In this blog post we’ll explore some of our favorite unique holiday traditions around the world!
What is your favorite holiday tradition? A Christmas tree, a turkey dinner with all the fixings, or maybe it’s the fireworks on New Year’s Eve.
Whatever your preference may be, you can’t deny that holidays bring people together and create memories to last a lifetime.
A serious case of wanderlust leaves one viewing the holidays as the perfect time to travel. Wouldn’t it be interesting to experience the holidays in a different part of the world each year?
As one of the most celebrated holidays in the world, Christmas, as we know it today, is a melting pot of secular and religious traditions from around the globe.
Check out these unique holiday traditions from different corners of the earth.
Deep Fried Caterpillars for Christmas (South Africa)
Turkeys in South Africa rejoice on Christmas Day as locals dine on delicacies of deep fried caterpillars and Emperor Moths.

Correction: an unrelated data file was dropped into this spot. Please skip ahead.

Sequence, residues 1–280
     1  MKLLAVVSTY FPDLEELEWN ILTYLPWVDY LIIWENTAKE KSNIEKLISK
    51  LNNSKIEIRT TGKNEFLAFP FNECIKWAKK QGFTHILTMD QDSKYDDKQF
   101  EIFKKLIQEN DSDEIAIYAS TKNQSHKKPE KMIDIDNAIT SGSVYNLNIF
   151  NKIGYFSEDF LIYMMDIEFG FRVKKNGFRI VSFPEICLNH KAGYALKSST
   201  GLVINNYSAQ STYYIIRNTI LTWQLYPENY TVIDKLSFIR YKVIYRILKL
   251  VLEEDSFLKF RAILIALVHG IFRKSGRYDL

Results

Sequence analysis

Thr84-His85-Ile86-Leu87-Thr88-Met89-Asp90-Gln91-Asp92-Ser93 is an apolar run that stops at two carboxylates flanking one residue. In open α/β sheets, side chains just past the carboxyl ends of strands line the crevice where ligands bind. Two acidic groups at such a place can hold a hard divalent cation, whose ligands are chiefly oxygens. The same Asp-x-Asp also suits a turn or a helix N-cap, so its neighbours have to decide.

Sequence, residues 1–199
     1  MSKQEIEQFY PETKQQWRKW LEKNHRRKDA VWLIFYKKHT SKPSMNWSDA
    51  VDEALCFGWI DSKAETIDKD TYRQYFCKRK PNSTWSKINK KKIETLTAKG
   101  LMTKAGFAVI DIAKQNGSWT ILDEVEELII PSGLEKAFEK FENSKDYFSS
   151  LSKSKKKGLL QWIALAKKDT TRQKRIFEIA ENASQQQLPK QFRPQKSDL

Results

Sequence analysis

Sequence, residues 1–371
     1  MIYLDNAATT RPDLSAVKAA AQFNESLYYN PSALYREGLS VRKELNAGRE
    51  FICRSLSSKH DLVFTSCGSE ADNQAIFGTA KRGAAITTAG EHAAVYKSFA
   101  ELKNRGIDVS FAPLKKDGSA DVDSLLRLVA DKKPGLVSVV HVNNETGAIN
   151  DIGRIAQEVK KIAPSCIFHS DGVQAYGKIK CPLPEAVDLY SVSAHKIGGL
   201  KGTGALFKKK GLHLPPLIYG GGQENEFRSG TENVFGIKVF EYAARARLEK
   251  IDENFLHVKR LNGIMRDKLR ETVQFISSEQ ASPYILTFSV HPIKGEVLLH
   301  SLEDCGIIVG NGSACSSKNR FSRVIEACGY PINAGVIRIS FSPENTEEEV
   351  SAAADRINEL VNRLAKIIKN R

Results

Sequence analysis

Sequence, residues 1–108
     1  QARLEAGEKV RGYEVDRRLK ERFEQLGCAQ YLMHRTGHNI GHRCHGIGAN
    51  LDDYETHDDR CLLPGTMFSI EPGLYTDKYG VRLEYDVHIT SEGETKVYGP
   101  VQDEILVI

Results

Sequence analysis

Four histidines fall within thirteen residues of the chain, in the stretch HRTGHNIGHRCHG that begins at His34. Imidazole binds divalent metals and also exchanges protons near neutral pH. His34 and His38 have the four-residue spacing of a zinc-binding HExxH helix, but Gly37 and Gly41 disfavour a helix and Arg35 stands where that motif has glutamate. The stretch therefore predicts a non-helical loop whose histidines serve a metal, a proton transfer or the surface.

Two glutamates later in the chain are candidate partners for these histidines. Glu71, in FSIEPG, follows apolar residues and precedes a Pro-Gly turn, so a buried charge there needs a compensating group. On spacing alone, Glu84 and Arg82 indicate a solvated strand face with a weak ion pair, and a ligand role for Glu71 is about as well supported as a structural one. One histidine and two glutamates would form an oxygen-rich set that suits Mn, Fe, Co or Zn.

Both children and adults, representing the angels outside Bethlehem, go from house to house singing on Christmas Day.
Afterwards, there is a feast of rice and yam paste (fufu) with stew or okra soup, porridge, and various meats.
It is common for families eat together or with close neighbors, also exchanging gifts.
Krampus the Christmas Devil (Austria)
In the US, children work hard to make Santa’s Nice List and impress Elf on the Shelf.
In Austria, they prefer to take a more menacing route with Krampus.
Krampus is an anthropomorphic figure described as “half-goat, half-demon”, who, during the Christmas season, punishes children who have misbehaved.
Coal looks pretty good right about now, right?
Kids Put Shoes in the Window (Iceland)
In Iceland, Christmas starts at 6 pm on Christmas Eve, December 24th, and the festivities last until the Thirteenth Day (Twelfth Night), which falls on January the 6th.
On the night before December 12th, it is customary for Icelandic children to put one of their shoes in the window.
The shoe stays on the window sill until Christmas, and the children hope that the Yule Lads, who come into town from the mountains one by one on the nights leading up to Christmas, will leave a little something for them in the shoe.
Only well-behaved children earn gifts, those who are not, find a potato in their shoe.
Venezuela Christmas Roller Skating